ICI Viewpoints

ICI Viewpoints

Mutual Funds at 100: An Essential Part of America’s Economic Engine

By Jeff Naylor

Mutual funds and other registered investment funds direct trillions of dollars to their highest use, with investments that help turn breakthrough ideas into commercial successes and make thriving companies even better. In doing so, these funds play a crucial role in America’s economic success—and the world’s.

But as we celebrate the 100th anniversary of mutual funds, investment funds in general stand at a crossroads. Some policymakers have introduced smart ways to modernize and fortify funds for the benefit of investors, while others have proposed extreme changes that pose risks to fund shareholders and the companies.

With American innovation and job growth seemingly as strong as ever, it’s vital that policymakers take stock of funds’ role in the economy as they weigh potential changes. Here are a few of the ways investment funds support economic progress:

Capital Formation: Funds supply more than $30 trillion to US financial markets by pooling money from investors to build diversified portfolios of stocks, bonds, or other securities, including through direct investments in primary markets. This capital formation process allows businesses to fund expansion, research and development, and other capital-intensive projects. It also helps governments finance infrastructure and essential services that all individuals rely on.

Foster Innovation: Funds’ role in providing capital to businesses extends well beyond large, publicly traded corporations. In fact, funds pave the way for small firms to access funding that might otherwise be out of reach, leading to innovations and discoveries that stimulate economic growth.

Job Creation: By facilitating capital flows to businesses and governments, funds contribute to job creation. When companies receive capital for growth and expansion, they often hire more employees, invest in plants and machinery, and contribute to overall economic activity. Local and national governments also create jobs when they utilize this capital to invest in transportation projects, power plants, or other critical infrastructure.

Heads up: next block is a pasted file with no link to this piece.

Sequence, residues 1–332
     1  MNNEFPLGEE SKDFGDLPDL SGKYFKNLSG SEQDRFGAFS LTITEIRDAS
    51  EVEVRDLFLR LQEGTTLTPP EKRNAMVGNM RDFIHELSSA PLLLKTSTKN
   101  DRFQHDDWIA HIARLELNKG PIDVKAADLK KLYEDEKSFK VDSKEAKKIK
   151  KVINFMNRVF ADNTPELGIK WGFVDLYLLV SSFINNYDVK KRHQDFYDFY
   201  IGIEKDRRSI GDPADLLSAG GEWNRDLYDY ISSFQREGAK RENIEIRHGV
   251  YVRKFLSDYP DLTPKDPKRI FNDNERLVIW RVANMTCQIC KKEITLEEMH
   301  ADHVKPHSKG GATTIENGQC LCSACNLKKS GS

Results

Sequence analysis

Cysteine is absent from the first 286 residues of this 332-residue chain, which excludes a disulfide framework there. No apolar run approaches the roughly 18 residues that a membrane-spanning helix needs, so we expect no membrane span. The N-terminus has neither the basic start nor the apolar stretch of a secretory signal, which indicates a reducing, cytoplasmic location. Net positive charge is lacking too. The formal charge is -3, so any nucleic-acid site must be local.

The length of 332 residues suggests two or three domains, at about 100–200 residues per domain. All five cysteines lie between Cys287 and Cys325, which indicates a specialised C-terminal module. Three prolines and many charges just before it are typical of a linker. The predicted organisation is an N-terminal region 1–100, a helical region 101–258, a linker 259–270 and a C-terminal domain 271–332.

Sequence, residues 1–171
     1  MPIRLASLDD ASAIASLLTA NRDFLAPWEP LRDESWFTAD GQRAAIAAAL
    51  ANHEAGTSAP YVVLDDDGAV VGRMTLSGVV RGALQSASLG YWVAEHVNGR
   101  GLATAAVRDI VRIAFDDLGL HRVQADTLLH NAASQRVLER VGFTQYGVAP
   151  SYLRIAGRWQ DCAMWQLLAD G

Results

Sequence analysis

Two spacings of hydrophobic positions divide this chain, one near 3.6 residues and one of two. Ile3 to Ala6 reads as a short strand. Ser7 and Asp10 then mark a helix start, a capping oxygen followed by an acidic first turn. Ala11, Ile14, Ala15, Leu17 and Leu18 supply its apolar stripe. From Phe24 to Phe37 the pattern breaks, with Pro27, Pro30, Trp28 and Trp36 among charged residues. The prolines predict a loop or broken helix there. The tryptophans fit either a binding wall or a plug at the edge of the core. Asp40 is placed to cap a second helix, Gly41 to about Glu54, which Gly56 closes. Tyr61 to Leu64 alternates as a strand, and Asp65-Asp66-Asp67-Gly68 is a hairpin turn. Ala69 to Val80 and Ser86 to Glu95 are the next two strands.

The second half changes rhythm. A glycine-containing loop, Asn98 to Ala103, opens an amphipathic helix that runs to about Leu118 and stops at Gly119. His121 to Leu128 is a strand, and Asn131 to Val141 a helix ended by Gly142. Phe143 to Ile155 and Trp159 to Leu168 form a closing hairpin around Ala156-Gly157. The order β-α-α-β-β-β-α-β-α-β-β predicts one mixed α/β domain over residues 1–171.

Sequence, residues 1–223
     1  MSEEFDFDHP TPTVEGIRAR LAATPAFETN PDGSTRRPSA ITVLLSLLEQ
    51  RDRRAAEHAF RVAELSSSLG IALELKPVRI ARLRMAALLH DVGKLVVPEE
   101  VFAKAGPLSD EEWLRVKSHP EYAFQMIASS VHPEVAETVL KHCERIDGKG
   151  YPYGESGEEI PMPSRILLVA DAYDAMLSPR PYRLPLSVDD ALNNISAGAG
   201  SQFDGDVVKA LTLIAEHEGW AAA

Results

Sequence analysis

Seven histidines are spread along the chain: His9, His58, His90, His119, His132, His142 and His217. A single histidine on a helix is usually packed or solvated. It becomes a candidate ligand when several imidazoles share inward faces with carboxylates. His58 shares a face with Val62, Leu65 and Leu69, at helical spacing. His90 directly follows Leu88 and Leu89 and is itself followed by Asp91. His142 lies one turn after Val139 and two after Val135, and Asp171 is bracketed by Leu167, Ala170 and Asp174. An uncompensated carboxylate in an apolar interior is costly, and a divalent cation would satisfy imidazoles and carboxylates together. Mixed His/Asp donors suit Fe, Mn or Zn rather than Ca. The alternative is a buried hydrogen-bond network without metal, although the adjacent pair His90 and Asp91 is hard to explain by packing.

Financial Security: Funds provide retail investors access to a wide range of investment opportunities they might not have had otherwise. This access gives everyday Americans the chance to participate in the success of companies worldwide and earn potential returns to reach longer-term financial goals, whether it’s saving for education, homeownership, or retirement.

The Wealth Effect: Through their potential to generate positive returns, funds have enabled a sharp rise in household wealth over the past century. This has aided what economists call the wealth effect—consumers’ increased confidence and propensity to spend because of rising asset values—that supports growth in the real economy.

Market Efficiency: Funds help create efficient markets by allocating capital based on careful risk/reward considerations. By directing capital to companies with sound fundamentals or strong upside potential, funds over time help align market prices with intrinsic values, promoting efficient resource allocation and economic productivity.

Investment funds have helped make America the world’s economic leader while supporting commercial breakthroughs globally, lifting the lives of millions and providing endless opportunities for companies to grow. Provided the right policy framework is in place, funds are well-positioned to propel the US economy to even greater heights in the century ahead.

Learn more about the unique history and significant impact that mutual funds have had on individual investors and businesses over the past century at www.ici.org/mf100.

Jeff Naylor is ICI’s Chief of Industry Operations.